II. Is a Market for Mega Deals Necessary?

This interactive is not an endeavor to argue that “mega” or “large” M&As are necessarily good for the economy or any of the stakeholders. In fact there is existing literature which suggests that mega M&As destroy value for the acquiring shareholders and that most large M&As fail.6 Having said that in the larger scheme of things an environment for large M&As may be a “necessary evil” as such M&As typically reflect the corporate morale and consequently provides some form of anecdotal evidence on the macro-economic outlook. Large M&As can also help create strong and stable companies. For example, during the 2008 global financial crisis the US Government actively brokered deals in the larger interest of the economy and the financial system.7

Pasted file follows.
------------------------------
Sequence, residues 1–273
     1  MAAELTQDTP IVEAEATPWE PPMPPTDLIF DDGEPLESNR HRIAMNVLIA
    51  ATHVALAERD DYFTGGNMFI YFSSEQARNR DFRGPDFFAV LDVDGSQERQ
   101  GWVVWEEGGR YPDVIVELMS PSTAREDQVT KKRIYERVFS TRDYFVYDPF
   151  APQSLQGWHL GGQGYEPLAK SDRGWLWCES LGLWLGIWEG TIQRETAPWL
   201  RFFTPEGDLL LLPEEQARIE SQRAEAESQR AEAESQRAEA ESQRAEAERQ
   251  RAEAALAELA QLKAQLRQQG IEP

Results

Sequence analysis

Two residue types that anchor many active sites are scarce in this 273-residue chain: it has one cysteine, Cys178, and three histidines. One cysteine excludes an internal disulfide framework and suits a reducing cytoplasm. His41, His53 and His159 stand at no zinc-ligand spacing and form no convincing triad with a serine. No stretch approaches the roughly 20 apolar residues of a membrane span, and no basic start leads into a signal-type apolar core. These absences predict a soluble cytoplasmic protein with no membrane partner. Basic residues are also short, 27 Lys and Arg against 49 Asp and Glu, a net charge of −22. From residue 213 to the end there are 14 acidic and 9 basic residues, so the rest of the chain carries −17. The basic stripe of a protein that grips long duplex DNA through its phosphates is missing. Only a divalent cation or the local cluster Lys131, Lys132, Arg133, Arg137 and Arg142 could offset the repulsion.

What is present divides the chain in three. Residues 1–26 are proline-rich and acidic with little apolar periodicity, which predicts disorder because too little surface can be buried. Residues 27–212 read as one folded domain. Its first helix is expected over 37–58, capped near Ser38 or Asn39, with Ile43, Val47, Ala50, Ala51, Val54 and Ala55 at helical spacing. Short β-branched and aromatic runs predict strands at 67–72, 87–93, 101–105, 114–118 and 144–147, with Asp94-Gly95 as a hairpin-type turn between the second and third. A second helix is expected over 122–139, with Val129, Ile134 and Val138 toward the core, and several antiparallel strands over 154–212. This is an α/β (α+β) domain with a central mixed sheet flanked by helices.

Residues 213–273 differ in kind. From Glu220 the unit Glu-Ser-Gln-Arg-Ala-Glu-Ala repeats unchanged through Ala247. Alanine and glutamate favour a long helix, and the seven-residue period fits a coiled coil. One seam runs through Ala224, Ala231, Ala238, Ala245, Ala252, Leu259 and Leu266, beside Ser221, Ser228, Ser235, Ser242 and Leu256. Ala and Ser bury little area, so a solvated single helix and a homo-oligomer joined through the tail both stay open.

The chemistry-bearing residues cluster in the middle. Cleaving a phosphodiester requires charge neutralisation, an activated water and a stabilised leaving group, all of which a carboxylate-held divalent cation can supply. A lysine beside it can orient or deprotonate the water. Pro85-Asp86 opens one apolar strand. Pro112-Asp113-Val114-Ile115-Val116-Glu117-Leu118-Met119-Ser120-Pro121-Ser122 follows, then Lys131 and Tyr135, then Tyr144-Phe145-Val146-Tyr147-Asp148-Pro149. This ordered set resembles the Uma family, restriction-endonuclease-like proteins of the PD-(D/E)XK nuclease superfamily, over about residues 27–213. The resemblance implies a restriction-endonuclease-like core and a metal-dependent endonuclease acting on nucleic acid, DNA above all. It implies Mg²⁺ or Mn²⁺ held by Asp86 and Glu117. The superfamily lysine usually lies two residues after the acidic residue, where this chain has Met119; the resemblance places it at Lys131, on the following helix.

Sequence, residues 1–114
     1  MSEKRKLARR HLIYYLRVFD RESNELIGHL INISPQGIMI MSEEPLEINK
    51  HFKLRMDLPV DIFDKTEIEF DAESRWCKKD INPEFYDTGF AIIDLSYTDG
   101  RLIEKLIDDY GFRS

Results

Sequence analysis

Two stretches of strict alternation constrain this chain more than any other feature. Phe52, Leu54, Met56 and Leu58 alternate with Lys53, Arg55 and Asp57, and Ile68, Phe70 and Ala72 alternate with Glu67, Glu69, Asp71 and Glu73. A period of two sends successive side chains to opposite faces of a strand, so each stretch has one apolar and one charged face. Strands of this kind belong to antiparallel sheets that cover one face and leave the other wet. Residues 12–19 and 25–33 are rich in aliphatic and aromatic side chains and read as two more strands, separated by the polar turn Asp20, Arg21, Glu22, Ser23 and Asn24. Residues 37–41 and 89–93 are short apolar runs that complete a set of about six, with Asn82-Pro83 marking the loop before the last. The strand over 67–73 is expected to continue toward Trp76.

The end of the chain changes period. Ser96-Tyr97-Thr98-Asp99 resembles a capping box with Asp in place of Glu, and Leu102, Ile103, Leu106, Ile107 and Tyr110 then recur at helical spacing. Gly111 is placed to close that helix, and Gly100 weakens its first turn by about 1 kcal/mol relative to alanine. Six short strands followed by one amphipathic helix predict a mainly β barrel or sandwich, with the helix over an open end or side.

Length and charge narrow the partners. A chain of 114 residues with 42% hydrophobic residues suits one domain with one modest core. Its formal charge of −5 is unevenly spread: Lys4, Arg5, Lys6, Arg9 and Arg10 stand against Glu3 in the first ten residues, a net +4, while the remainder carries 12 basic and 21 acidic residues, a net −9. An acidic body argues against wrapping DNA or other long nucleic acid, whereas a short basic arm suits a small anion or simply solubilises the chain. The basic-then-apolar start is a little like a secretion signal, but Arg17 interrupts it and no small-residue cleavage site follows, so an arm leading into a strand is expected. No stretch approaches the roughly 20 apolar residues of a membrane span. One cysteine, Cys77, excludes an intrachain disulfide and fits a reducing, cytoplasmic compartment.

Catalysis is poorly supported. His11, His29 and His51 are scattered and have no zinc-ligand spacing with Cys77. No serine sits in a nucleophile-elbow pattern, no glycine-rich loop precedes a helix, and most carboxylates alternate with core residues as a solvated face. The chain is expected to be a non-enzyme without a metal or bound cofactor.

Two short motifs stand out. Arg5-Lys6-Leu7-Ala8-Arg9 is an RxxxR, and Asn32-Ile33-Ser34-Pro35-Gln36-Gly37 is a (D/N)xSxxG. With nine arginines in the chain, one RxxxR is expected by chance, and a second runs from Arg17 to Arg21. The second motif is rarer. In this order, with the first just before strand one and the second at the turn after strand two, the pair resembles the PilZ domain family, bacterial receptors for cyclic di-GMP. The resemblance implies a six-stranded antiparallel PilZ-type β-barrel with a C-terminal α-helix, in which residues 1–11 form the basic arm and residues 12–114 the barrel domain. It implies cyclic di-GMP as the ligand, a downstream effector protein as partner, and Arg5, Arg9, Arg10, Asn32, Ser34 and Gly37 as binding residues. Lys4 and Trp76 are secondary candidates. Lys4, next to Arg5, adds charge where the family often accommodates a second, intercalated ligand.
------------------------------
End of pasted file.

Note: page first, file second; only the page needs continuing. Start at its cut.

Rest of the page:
The limited point is that whilst we have no empirical evidence to suggest that mega deals are beneficial for a target country (and the same is outside the scope of this interactive), there should be no reason for the law makers in a free economy to not provide companies various restructuring options including the ability to undertake large strategic M&As, leverage buyouts, take private transactions etc.

III. What is Precluding Mega Deals in India?

The medium to long term macro-economic outlook for India has remained mostly promising and after the general elections last year, the outlook has only improved exponentially. However, the euphoria on the macro-economic front has not resulted in any high value deals especially this year. Intuitively this raises several questions- Is the macro-economic environment as good as it is made out to be? Are Indian companies in a growth phase as opposed to a consolidation phase? Are there other factors that are impeding large deals?